Thanksgiving is a holiday virtually all Americans observe and enjoy. And yet, there is still a lingering doubt on the part of some as to the role that religion can or should play in the festivities.
That is a particularly interesting conundrum for religious minorities such as Jews, who rightly seek to maintain a distinction between the faith of the majority and the sanction of the state.
The irony is that the secular observance of Thanksgiving is, in large measure, a commemoration of the faith of some of the original European settlers on this continent, who were anything but pluralists in their view of religion or politics. New England's Puritans saw no distinction between their religion and their politics.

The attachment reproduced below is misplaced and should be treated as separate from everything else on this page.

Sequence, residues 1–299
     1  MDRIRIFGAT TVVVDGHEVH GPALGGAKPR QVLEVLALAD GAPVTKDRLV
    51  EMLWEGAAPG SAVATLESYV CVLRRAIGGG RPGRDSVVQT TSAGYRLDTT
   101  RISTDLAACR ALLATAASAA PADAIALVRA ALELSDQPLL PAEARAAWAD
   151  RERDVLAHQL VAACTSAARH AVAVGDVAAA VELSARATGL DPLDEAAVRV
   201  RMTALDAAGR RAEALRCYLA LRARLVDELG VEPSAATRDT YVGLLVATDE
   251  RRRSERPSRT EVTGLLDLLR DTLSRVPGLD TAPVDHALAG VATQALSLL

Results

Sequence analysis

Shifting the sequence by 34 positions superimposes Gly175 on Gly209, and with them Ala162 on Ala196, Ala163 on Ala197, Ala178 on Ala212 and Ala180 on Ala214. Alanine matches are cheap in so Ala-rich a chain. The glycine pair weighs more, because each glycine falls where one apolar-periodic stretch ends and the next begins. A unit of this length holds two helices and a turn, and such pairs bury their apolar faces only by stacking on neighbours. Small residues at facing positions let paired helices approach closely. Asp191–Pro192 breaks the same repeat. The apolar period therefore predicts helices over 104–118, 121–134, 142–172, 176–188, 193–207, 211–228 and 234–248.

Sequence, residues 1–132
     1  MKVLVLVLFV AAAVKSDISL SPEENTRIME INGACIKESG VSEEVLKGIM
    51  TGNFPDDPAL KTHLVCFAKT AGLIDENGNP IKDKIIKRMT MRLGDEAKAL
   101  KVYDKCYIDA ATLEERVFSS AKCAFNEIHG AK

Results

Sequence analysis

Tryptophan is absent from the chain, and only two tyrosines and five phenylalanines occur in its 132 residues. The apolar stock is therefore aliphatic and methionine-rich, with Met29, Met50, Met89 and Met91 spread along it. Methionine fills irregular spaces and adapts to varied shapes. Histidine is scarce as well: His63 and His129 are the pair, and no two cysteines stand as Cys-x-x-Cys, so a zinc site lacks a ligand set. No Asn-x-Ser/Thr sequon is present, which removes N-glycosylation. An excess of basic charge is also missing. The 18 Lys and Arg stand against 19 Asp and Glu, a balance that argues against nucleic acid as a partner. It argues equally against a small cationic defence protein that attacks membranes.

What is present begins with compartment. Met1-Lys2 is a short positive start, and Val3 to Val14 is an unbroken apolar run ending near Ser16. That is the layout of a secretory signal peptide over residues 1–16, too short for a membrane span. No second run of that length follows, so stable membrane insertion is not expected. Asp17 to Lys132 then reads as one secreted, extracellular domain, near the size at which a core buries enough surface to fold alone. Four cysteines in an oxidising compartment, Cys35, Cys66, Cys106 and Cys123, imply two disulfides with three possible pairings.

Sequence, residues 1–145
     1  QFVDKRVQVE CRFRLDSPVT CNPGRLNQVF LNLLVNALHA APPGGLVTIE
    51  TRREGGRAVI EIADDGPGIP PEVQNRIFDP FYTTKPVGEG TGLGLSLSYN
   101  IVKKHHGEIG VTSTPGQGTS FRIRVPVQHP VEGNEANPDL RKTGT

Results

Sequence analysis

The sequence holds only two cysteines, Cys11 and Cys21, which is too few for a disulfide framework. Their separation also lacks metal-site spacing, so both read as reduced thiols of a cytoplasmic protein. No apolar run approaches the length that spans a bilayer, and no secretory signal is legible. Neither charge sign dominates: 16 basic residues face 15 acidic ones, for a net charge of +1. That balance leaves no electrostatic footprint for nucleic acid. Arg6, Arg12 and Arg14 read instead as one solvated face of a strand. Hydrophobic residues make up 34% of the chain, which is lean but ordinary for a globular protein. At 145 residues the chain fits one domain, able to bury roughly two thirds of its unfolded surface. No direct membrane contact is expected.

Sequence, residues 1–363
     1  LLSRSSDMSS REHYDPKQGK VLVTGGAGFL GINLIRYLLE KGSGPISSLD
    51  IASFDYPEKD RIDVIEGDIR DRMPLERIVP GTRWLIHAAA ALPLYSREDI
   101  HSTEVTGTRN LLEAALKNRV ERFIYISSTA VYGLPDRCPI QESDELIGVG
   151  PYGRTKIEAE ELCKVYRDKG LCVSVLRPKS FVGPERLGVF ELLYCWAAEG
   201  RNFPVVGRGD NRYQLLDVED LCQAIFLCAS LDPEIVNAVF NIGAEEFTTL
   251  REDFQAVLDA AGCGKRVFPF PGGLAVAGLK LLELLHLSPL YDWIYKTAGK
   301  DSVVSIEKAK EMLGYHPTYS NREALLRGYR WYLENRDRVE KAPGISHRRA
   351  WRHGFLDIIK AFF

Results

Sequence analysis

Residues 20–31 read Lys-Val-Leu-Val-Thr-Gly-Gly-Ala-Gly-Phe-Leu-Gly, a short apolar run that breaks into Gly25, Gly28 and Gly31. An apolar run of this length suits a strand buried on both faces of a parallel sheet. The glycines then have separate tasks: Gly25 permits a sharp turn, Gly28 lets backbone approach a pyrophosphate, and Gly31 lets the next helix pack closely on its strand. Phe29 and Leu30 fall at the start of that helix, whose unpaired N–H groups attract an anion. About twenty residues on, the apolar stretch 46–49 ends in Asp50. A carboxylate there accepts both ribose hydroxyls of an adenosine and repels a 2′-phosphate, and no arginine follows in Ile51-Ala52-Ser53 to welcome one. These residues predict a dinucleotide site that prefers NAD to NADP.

Though deeply Christian in its historical roots, the Thanksgiving we observe this week is not about a particular religion.
Rather, it is to President Abraham Lincoln, who helped establish the holiday formally, that we should look for guidance on this score. Profoundly religious in his view of the world, Lincoln nevertheless scorned sectarianism. He managed to incorporate religious faith into his philosophy of government, but found no need to identify it with any denomination.
As such, the day should make us mindful of the particular blessing that America has been to the Jews who have found freedom and prosperity here like no other place in the Diaspora. There is no better time for American Jews to express their love and gratitude to our Creator for the bounties that have been ours in the United States.